Another classic movie which turns 30 this year is Starman, a science fiction drama which, as far as I’m concerned, is the last great movie from John Carpenter.
The title character is an alien from an unknown, far off world who travels to Earth in response to Voyager II’s invitation for all life to visit our planet.
Ironically, the alien does not get what one would call a welcoming reception when the U.S. Air Force shoots down the alien’s spacecraft. This causes it to crash near an isolated cottage in Madison, Wisconsin. The alien then travels to said cottage, which is occupied by recently widowed Jenny Hayden (Karen Allen). She is awakened by the alien when it obtains a sample of the DNA of her late husband Scott (Jeff Bridges), and proceeds to use it to take Scott’s form in order to adapt more easily to Earth’s environment.
The alien contacts his people and then forces the shocked Jenny to take him to the Barringer Crater in Arizona, where his people are set to pick him up within three days.
It is not long before authorities, led by narrow-minded NSA chief George Fox (Richard Jaeckel) to find the remains of the spacecraft and attempt to track down its occupant. But scientist Mark Shermin (Charles Martin Smith) begins to realize that the visitor may not be hostile when he finds a disc from Voyager II inside the spacecraft.
During their journey to Arizona, Jenny eventually overcomes her fear of the person resembling her late husband when he tells her he is not malevolent. He later proves it to her when he brings a dead deer back to life, while she shows him that humanity can be peaceful. He also informs her that he will die if he does not reach Arizona in time.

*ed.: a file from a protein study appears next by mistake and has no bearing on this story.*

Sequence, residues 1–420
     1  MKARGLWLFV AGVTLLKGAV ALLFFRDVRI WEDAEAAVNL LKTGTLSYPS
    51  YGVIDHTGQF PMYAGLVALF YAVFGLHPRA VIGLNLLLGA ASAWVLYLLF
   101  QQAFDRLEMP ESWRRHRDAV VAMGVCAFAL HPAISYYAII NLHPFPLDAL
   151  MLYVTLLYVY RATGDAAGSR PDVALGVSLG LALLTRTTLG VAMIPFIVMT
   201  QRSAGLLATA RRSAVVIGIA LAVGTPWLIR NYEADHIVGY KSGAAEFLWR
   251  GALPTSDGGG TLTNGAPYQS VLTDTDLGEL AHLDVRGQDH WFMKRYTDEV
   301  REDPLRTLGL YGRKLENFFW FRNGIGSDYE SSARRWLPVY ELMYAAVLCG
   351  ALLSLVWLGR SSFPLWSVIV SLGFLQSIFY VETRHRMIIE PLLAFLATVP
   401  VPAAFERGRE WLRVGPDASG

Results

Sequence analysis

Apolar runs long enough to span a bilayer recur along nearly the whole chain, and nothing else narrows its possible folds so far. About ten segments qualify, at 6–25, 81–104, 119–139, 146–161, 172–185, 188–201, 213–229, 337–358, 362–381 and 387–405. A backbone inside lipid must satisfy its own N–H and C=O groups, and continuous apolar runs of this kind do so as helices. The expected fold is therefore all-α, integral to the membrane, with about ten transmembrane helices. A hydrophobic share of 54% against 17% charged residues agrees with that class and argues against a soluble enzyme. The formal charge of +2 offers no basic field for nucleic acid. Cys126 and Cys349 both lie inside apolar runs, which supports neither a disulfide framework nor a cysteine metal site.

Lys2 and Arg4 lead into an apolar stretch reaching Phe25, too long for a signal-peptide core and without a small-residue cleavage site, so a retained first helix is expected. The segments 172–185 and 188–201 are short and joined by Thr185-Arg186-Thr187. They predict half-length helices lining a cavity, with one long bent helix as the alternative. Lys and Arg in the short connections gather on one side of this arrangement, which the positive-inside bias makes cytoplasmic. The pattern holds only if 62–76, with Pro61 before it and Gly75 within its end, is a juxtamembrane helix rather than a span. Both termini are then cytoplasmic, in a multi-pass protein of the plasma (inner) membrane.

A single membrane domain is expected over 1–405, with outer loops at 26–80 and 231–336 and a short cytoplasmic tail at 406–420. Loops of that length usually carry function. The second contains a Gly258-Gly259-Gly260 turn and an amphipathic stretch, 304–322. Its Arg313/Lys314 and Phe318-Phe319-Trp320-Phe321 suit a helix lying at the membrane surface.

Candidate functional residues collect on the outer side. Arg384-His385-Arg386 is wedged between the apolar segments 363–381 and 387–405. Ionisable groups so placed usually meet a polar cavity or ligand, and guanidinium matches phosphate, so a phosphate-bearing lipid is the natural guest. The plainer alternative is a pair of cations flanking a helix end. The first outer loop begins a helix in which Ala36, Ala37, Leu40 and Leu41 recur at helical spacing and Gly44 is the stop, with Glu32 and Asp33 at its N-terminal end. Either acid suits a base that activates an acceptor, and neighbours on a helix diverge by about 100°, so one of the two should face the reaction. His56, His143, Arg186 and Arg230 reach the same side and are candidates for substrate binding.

As they get closer to their destination and with Fox and Shermin in pursuit, Jenny and the alien express the love which has formed between them. The alien later informs her that Jenny will soon be a mother. She, in turn, promises to tell their child about him.
In lesser hands, this could have simply been a rip-off of E.T.-The Extra-Terrestrial (1982). But this film, which was co-produced by Michael Douglas, manages to be unique in many ways. First of all, the alien in this movie is not simply a creature from outer space, but one which, like the more-vicious title character in Carpenter’s The Thing (1982), takes human form.
What makes this film special, though, is the love story which eventually develops between the two leads. Both Bridges and Allen are wonderful, and Bridges earned his third Academy Award nomination (and his first in the Best Actor category) for his performance here. Curiously, this remains the only John Carpenter movie to get an Oscar nomination.
The movie spawned a TV series on ABC in 1986. The show chronicled the alien (now played by Robert Hays) attempting to bond with his son (Christopher Daniel Barnes). It lasted only one season.
This movie marked the end of an impressive run of movies for Carpenter, which consisted of classics such as Assault on Precinct 13 (1976), The Fog (1980), Escape From New York (1981), The Thing, Christine (1983) and, most famously, Halloween (1978). It’s a shame that his subsequent films have not reached this level of greatness.